An independent Scotland would face three major challenges in oil, finance and pensions, according to thinktank Centre for Policy Studies. A paper published by the organisation claims Scotland could face a £13.8 billion hole in its budget if the country votes ‘Yes’.
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On September 18 Scots will be given an opportunity to vote on whether they want to become an independent country or remain part of the union. Both nationalists and unionists have claimed that Scottish households could be better off if they supported their campaigns. Polls suggest that the vote will be close.
Economist Tim Morgan, from the Centre for Policy Studies, identifies the three major risks and states their omission results in a “severe understatement of independence risk”.
Morgan claims that data suggests North Sea oil revenue for the Scottish government would fall from £10.1 billion in 2011/12 to £3.7 billion in 2016/17. The figure is around £3.3 billion lower than what is predicted by the ‘Yes’ campaign.
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In a debate in August, the future of North Sea oil was discussed. Whilst some oil firms say independence could benefit the industry, Alastair Darling, leader of the ‘No’ campaign, said that nationalists had consistently overplayed the worth of North Sea oil.
Morgan continues that the probable flight of a large portion of the financial services from Scotland could leave 2016/17 revenues, excluding North Sea revenues, around £9.2 billion lower than what has been forecast by advocates of independence.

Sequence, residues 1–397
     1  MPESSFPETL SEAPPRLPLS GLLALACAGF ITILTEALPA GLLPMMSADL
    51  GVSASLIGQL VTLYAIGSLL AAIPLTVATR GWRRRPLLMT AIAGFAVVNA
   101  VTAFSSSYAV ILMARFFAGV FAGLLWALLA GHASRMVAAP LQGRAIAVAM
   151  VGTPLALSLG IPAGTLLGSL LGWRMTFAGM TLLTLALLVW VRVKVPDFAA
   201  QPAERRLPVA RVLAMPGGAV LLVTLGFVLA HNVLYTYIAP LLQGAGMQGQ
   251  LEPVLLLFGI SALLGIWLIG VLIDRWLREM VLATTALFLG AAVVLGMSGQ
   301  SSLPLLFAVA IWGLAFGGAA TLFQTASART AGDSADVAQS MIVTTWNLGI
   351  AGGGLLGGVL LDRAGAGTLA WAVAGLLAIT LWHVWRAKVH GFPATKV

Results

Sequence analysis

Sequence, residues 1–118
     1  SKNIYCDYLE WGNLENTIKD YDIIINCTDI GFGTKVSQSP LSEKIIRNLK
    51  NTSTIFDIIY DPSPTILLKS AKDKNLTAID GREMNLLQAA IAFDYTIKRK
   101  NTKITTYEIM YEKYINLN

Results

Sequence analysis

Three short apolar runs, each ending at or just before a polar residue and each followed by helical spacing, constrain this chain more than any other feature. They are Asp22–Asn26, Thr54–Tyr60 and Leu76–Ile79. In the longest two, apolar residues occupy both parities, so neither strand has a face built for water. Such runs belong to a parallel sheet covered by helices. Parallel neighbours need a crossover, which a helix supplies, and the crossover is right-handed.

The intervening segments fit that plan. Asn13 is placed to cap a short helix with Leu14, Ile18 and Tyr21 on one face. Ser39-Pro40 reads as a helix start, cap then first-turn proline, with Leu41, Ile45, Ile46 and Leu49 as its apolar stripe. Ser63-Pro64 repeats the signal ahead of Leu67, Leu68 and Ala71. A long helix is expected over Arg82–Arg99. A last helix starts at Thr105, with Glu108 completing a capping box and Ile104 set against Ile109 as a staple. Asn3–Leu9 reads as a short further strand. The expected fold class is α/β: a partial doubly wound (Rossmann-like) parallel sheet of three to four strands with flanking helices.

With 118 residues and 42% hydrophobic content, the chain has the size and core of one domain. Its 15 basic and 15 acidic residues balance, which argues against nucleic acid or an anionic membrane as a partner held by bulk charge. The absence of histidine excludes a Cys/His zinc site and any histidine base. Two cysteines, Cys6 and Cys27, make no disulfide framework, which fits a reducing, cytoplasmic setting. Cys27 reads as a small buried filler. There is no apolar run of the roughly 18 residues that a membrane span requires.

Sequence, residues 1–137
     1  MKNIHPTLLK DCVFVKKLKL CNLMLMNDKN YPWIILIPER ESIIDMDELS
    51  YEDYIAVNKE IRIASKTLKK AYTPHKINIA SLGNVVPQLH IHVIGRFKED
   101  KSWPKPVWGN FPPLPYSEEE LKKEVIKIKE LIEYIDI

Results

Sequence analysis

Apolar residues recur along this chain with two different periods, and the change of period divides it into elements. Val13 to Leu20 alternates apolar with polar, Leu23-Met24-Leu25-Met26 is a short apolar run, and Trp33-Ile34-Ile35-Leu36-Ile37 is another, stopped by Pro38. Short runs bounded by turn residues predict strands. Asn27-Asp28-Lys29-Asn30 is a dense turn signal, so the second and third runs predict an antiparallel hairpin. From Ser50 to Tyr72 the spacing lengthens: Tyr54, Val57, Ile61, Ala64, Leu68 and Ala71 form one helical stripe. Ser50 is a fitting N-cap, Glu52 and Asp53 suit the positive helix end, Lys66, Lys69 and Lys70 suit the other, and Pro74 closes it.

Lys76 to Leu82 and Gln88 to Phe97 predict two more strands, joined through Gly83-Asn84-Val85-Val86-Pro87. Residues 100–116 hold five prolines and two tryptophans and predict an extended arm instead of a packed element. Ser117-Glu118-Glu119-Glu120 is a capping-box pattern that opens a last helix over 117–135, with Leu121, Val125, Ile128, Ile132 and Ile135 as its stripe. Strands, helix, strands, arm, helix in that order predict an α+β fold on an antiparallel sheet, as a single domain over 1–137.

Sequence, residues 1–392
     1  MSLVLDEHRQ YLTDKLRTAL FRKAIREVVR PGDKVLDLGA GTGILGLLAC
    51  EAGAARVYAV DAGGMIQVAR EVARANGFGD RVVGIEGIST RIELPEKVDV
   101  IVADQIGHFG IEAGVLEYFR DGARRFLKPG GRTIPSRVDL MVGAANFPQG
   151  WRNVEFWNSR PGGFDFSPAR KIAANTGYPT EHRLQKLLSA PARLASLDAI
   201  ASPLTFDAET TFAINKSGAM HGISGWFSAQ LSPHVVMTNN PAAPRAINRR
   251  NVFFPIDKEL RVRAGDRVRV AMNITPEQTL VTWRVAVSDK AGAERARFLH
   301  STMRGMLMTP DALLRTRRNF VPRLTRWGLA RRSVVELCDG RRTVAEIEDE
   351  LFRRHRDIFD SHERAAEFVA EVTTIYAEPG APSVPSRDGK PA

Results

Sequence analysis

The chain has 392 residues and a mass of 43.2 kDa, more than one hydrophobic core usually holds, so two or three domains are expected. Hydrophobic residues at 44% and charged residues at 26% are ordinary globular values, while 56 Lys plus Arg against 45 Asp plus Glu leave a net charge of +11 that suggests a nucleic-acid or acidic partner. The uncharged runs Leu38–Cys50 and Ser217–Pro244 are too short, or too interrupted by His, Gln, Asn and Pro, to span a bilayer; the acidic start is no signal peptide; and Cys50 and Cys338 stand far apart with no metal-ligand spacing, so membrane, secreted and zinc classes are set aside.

Finally, the paper states that the rising cost of public sector pensions would be likely to impose significant pressures on a Scottish budget that is already strained by declining oil revenues and “probable haemorrhaging” of tax revenues from financial services. The estimated impact of this is £1.1 billion in 2015/16.
The paper concludes, “The projected revenue impact is huge, reducing anticipated tax income in 2015-16 by 22% when compared with forecasts issued by the pro-independence campaign.
“And these effects could be expected to worsen in subsequent years, with North Sea revenues continuing to decline and the cost of unfunded public sector pensions continuing to escalate.”
Morgan also noted that Scottish independence could present a significant risk to the rest of the UK, which would see a sharp deterioration in its current balance, from 5.5% GDP to over 7%. He added, “Unfortunately for Scots, this, too, could have adverse implications for their own economy.”
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